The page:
Author Topic: Puppy farmers making thousands selling puppies to squalid pet shops in Singapore  (Read 610 times)

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IT IS being called "Australia's new live export scandal". Australian puppy farmers are making thousands of dollars selling dogs to pet shops in Singapore, where they are forced to live in squalor and confinement, a CLEO Magazine investigation has found.

Animal welfare group Oscar's Law recently travelled to Singapore to witness the shocking treatment of Australian puppies, some of which are just eight weeks old.

Debra Tranter, the group's founder, explained how the lucrative puppy trade works.

"The puppies sitting in Singapore pet shops have started their lives in a puppy factory in Australia," Ms Tranter said.

"At a very young age they are taken from their mother and transported for hours, sometimes days, and when they're finally removed from their transport crate they are put on display in a glass box or cage and their price tag is $4000-$8000."

Singaporeans are told the puppies are from "top bloodlines in Australia". The dogs can sit in these cages for months, and if they aren't sold, they are eventually placed in Singaporean puppy factories where conditions, Ms Tranter says, are "simply atrocious".

"We caught glimpses inside these factories - wire floor cages stacked on top of one another where the sound of dogs is deafening - dogs spinning in circles as a cage, either in Australia or Singapore, is all they have ever known," she said.

     Conditions in Australian puppy factories are often just as bad. Photo: CLEO Magazine. height=366   

Conditions in Australian puppy factories are often just as bad. Photo: CLEO Magazine.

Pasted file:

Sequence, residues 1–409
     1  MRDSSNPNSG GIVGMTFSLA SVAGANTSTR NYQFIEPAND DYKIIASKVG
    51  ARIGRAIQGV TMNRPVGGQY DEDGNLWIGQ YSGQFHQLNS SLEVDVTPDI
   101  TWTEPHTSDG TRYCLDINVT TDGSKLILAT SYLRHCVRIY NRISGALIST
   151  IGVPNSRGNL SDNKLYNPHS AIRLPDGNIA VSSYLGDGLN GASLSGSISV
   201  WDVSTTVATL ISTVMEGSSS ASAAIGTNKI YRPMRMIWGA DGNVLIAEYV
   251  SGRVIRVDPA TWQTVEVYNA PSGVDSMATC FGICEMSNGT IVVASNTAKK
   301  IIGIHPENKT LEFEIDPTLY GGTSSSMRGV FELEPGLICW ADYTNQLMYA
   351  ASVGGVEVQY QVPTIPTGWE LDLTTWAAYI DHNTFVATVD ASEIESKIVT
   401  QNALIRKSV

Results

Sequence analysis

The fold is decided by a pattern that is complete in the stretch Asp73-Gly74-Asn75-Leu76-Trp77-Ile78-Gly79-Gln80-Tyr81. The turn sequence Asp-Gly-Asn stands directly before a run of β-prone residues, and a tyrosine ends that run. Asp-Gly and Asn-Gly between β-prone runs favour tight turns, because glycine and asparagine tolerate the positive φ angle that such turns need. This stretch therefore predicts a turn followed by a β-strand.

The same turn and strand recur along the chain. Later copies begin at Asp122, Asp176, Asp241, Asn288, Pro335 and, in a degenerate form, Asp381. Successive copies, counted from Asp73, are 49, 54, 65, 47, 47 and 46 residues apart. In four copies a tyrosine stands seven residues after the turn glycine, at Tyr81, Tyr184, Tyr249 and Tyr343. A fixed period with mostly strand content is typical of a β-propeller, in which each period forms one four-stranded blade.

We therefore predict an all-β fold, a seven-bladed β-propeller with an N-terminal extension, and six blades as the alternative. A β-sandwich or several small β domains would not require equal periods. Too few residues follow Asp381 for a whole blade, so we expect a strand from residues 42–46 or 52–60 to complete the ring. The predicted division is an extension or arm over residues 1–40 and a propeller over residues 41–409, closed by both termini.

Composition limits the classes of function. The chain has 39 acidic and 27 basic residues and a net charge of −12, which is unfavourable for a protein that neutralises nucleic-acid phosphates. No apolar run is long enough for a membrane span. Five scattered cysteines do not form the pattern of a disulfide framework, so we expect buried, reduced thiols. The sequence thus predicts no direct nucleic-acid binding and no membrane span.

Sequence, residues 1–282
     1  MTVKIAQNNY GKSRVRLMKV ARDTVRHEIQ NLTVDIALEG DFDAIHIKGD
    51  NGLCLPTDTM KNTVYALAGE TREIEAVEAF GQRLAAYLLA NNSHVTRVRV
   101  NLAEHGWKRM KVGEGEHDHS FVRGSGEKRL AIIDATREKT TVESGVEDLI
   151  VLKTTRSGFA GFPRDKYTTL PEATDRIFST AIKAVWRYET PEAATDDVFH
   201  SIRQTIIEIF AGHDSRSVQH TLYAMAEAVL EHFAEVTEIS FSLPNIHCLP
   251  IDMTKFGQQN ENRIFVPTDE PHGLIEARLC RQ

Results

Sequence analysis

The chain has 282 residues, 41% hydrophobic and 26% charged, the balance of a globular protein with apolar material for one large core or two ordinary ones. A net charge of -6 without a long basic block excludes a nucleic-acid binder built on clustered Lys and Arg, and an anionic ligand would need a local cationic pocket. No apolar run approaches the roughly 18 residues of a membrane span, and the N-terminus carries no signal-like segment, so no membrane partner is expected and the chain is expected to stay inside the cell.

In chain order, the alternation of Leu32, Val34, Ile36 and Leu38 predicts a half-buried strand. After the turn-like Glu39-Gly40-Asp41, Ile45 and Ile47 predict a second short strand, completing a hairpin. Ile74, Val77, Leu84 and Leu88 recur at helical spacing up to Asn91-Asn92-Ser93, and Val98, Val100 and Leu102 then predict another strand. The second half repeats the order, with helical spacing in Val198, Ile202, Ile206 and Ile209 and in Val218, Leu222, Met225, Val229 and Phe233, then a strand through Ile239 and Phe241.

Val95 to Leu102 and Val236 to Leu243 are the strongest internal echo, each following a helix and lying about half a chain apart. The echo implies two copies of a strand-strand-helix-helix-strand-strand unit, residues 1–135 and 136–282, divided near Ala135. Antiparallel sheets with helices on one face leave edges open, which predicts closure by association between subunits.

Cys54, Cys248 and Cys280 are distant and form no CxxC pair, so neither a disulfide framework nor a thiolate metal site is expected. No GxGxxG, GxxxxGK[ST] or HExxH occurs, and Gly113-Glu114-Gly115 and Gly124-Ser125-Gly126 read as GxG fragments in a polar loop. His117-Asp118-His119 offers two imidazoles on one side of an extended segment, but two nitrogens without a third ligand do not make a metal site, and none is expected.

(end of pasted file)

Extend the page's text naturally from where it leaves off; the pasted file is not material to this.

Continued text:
Australian puppy factories are often no better. CLEO writer Rosie Squires investigated the puppy trade in Australia, visiting a housing commission property in western Sydney with the Animal Welfare League.

"We arrived at a house overrun with dogs," Ms Squires said. "The woman told us she was going to sell at least 10 puppies online for $650 each."

The Australian puppy trade is woefully underregulated. As long as a breeder offers dogs access to food, water and shelter, they fit regulation, Animal Welfare League officer Ian Hughes told CLEO.
Local breeders, like the woman in western Sydney, are selling puppies to members of the Australian public on websites like Gumtree and pups4sale.

"The problem is, more and more people are looking to make money selling dogs online," Ms Squires said.
"An unsuspecting customer has no idea what conditions the cute puppy from the website is actually living in."

     This Adelaide Hills property was raided in June. 100 dogs were rescued. Photo: CLEO Magazine height=366   This Adelaide Hills property was raided in June. 100 dogs were rescued. Photo: CLEO Magazine

Whether puppies are being sold to Australians or Singaporeans, the customers don't realise where they have come from, Ms Tranter argues.

"The industry relies on the cute appearance of puppies to make a sale and they don't want the public to see the reality of how they are bred," Ms Tranter said.

"The entire trade is based on consumer fraud, cruelty and lies, from the Australian puppy factories, the broker, the pet shops, the online trading sites, the transport companies who send puppies in bulk weekly around Australia or to overseas pet shops," she said.

"A blind eye is turned every step of the way, the trade in puppies is business and there's plenty of money to be made."

Read the full story in the October issue of CLEO Magazine, hitting stands today.

Continue the conversation on Twitter: @rosiesquires | @SamClench | @cleomag | @newscomauHQ

     
« Last Edit: September 23, 2013, 05:00:58 PM by Export News Tasmania »